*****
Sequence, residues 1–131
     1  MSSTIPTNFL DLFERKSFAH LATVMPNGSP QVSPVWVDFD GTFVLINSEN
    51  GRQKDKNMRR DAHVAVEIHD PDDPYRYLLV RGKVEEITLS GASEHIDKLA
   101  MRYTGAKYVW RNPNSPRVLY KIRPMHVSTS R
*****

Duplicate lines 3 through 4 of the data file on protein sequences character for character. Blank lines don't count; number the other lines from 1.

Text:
    51  GRQKDKNMRR DAHVAVEIHD PDDPYRYLLV RGKVEEITLS GASEHIDKLA
   101  MRYTGAKYVW RNPNSPRVLY KIRPMHVSTS R